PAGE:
Fairy Lights


After lengthy chats to doctors and OT’s it sounds as if dad can come home tomorrow, thank goodness. I’m feeling much better today, maybe helped by a big breakfast bowl of blackberries, raspberries, peach, gooseberries and a few black currants with natural yoghurt and honey.

The garden has many ways of reviving you and eating the produce definitely gives me a lift. It is a good day for eating from the garden because we have a big bowl of our mixed lettuce leaves and cucumber for lunch and in the evening some of the first courgettes find their way into the lasagne…shhh…don’t tell anyone!

Today is windy but no rain. I start by carefully watering the containers, containers can be deceptive, heavy rain can bypass them. Aideen works incredibly hard today, cutting the grass under the marquee in preparation for an evening visit tomorrow. She also cut the grass on the terrace, obviously, Patrick cannot do this at the moment. In fact, we had to take him back to the GP to check his foot was not infected. Then Aideen had to bake. I returned to my bean beds to finish weeding the climbing beans and then start clearing the neighbouring bed to plant out the cannelloni beans. In the evening, Patrick and Aideen put up fairy lights in the marquee and I finished the evening under the marquee with the magical lights, writing the blog with a glass of wine, listening to Aideen practising her harp for the wedding on Saturday, life is not so bad!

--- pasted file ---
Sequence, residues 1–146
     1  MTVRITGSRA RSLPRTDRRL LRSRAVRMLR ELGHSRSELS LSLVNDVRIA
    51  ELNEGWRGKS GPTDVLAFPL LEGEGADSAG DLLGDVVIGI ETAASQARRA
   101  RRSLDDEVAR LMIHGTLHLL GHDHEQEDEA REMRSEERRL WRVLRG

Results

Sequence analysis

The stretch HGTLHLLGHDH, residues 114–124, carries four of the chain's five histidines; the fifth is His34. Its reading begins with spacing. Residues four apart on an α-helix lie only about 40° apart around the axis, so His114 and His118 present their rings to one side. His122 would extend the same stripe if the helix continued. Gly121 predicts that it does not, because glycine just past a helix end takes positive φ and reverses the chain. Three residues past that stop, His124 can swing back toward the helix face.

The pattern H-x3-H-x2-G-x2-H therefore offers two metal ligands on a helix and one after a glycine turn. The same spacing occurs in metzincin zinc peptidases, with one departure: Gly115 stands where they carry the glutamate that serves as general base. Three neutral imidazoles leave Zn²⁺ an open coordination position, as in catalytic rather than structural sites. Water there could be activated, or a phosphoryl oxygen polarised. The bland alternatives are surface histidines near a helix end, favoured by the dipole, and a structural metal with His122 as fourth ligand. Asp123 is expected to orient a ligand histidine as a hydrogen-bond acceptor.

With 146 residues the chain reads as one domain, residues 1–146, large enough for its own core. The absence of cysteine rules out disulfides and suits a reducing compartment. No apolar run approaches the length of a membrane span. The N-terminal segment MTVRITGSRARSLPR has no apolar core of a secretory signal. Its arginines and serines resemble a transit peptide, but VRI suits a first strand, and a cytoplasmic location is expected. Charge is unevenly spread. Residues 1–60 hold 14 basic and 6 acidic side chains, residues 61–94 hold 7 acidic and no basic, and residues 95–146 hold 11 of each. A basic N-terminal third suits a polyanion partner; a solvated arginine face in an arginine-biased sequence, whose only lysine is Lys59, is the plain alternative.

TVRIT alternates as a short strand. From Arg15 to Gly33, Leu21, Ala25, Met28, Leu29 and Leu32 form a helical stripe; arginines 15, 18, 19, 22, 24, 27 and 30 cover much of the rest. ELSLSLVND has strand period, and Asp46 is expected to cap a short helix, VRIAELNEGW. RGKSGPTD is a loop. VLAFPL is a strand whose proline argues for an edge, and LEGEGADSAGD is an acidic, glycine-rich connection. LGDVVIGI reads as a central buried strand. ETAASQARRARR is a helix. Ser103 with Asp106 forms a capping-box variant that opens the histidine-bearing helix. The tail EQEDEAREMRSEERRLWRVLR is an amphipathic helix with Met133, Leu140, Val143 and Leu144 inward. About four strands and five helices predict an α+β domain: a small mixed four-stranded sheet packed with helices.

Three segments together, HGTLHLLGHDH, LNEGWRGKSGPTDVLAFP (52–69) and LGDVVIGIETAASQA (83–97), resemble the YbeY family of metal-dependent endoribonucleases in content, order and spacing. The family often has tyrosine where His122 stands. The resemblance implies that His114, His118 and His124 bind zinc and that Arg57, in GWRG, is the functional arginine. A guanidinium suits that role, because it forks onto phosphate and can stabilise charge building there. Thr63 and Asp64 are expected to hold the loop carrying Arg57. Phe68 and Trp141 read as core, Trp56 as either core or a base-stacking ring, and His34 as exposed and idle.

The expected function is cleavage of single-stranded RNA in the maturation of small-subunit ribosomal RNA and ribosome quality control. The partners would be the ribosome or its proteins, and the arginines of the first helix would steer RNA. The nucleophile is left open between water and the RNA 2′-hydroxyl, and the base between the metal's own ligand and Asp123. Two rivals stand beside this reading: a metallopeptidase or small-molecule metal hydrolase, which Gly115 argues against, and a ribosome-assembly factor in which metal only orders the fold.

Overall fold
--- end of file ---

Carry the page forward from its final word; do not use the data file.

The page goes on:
Dad Returns Home


Today, the weather is terrible; repeated heavy showers of rain and incredibly strong winds. The hospital transport is booked for dad by late morning but that is no indication of when he will get home. In the early morning, I do some general tidying because we are having an evening visit. At about 10:30 we are visited by Emma and Bobby to do our hair which is a good thing as it wasn’t a good day for the garden. The wind grew so strong at times that the marquee was being lifted from the ground. Despite it being tied down to concrete blocks, it shifted itself across the garden by about a foot. Dad was brought home by 3pm. He was quite vague and subdued but in a remarkably good physical state and was able to mobilise as normal, despite his injuries. At 4:30pm we were visited by Rapid Response to check dad had settled in OK and to see if we needed anything.